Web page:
Map showing the 2013 Salish Sucker survey area
There are less than 750 Salish Suckers in the Salmon River, not including juveniles in their first summer, according to a trap and release program in the fall of 2013. It’s a low number, but better than many Salish Sucker populations in Canada. Salish suckers are an endangered species. The main threat, as in many watersheds, appears to be poor water quality, especially low oxygen levels in summer. Low summer flows and excessive agricultural nutrients are likely the root causes.
Most of the Salish Suckers found in 2013 were located in Tyre Creek, a tributary that starts on the Department of National Defense lands and enters the Salmon River close to 256 St.
Traps were set in the upper Salmon River at 133 locations between Aug. 27 and Oct. 29. Traps were set a second time at 92 of these locations between Sept. 9 and Nov. 14. A total of 334 Salish Suckers were captured in the first sampling session, 253 during the second trapping session, of which 112 had been marked in the first session. Thus, 475 individual Salish Suckers were encountered. Population estimates for each reach yield an estimate of 726 individuals in the watershed.
There does not appear to be a viable population on the floodplain in Fort Langley. The couple of individuals caught over the years are vagrants from the main population shown by the dark blue line on the map.
These photos, taken on July 11, 2014 where the Salmon River crosses 56th Ave. and heading a little east, were provided by SRES society member Fred Trzaskowski.
“Interesting watching the crayfish stalking the young rainbow trout smolts and seeing the deer tracks and the coyote print. The river is full of the small smolts swimming into the current and some even catch things on top as they float by. I could not see what they were catching, but they saw food,” he wrote.
A team of biology students and staff at Trinity Western University went out on two consecutive nights in June to capture and remove invasive fish in McMillan Lake on the campus. Final numbers aren’t in, but thousands of fish were caught.
Last year, a 20-lb carp was the biggest catch. A total of 579 fish were caught over the 2 nights. All but 10 were non-native!
McMillan Lake connects with the Salmon River during periods of high water and some invasive fish, like the large-mouth bass, feed on juvenile coho. “We are trying to restore and renew the lake to a state where it could provide habitat for over-wintering juvenile Coho salmon,” said David Clements, Ph.D., professor of Biology and Environmental Studies.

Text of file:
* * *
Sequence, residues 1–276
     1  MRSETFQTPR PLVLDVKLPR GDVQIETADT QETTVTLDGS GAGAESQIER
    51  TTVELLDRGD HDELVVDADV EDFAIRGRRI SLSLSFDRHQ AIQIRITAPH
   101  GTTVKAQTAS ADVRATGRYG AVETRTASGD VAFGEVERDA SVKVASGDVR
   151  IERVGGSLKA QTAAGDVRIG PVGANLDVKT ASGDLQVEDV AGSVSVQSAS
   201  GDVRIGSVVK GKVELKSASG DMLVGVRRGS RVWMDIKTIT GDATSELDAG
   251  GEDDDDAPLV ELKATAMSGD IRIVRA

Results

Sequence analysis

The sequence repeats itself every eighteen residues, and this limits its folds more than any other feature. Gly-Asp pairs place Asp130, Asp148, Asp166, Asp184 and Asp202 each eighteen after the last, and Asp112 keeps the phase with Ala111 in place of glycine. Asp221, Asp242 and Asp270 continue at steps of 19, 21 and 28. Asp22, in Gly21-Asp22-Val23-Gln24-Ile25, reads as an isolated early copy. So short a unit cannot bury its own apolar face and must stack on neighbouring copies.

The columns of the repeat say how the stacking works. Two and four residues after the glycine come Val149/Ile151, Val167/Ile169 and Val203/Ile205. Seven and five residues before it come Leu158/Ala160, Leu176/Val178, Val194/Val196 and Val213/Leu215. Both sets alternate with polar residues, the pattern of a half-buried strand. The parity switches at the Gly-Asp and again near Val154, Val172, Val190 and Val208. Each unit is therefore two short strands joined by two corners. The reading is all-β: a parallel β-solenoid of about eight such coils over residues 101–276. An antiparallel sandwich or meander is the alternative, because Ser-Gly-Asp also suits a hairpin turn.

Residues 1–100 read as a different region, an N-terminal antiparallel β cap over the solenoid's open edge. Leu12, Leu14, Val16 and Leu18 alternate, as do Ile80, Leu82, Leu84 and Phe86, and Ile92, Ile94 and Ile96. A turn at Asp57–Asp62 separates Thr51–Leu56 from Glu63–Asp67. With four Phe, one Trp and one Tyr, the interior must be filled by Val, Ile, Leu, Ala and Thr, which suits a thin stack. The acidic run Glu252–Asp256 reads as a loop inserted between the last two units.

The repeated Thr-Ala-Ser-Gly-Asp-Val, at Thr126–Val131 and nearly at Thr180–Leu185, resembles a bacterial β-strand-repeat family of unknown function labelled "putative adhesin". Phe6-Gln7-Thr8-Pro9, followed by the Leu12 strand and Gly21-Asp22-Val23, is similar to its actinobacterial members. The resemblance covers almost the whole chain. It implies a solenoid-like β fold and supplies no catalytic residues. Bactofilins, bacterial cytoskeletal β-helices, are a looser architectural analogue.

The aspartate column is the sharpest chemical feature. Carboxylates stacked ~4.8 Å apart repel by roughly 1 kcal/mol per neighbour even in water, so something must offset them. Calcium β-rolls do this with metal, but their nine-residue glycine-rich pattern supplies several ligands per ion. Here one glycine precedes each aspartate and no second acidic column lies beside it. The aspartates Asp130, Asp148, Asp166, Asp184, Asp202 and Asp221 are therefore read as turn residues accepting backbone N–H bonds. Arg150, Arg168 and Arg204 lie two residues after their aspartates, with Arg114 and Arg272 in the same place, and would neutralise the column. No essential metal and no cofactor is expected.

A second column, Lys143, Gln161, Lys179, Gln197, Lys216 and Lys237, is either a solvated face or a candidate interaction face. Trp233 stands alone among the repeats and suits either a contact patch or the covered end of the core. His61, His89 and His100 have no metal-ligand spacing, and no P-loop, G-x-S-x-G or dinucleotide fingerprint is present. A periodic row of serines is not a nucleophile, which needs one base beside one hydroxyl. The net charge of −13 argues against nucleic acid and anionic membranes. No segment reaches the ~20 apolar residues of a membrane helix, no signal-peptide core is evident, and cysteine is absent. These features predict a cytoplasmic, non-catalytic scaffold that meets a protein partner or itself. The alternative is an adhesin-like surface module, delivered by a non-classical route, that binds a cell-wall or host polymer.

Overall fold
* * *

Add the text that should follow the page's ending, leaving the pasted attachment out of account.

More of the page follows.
Larry Pynn, reporter for the Vancouver Sun, and biologist Mike Pearson paddled Bertrand Creek which travels through Langley and Washington to examine the impact of agriculture on fish habitat. “It’s hard for me to go out for a day and not see something outrageous,” said Pearson.
Minding the farm: Farm practices are clashing with the protection of fish habitats
(Van. Sun, June 7, 2014)
Fish & Farm: The problem with manure
(Van. Sun, June 9, 2014)
And here’s what’s happening upstream on the Salmon River:
Trenching of Salmon River through farmland exposes it to degradation
(Van. Sun, June 7, 2014)
The series continues…
Blame game in the mystery of the fish kill
(Van. Sun, June 10, 2014)
Paying farmers to maintain streamside vegetation
(Van. Sun, June 11, 2014)
Professor Whattanutt tries to follow the rules for having fun and staying safe
There’s no better way to understand an ecosystem than to stand in the middle of it. Grade 2 and 3 students at North Otter Elementary School in Langley had that opportunity in April when they took part in the Salmon in the Valley program offered by the biology department at Trinity Western University. The program engages between 500 and 600 students every year.
Arbour Day 2014 was celebrated with a welcoming from the Kwantlen band, tree climbing, tree planting, Kwantlen drumming, and jazz from Langley Fine Arts jazz band. Doug McFee, president of the Salmon River Enhancement Society, talked to residents about local issues and their impact on the Salmon River and environment.
Salmon River stewards (members of SRES and local residents) are raising the alarm about the planned water pipe on 52nd Ave. between 242nd and 248th streets.
Clear cutting of mature trees on an 18-metre deep ravine will result in long-term runoff damage and silt build up in the Salmon River. The banks are largely sand and gravel with a natural grade of 45 degrees. The society has written to Township council pointing out that there are better options for delivering water to Aldergrove. (read more)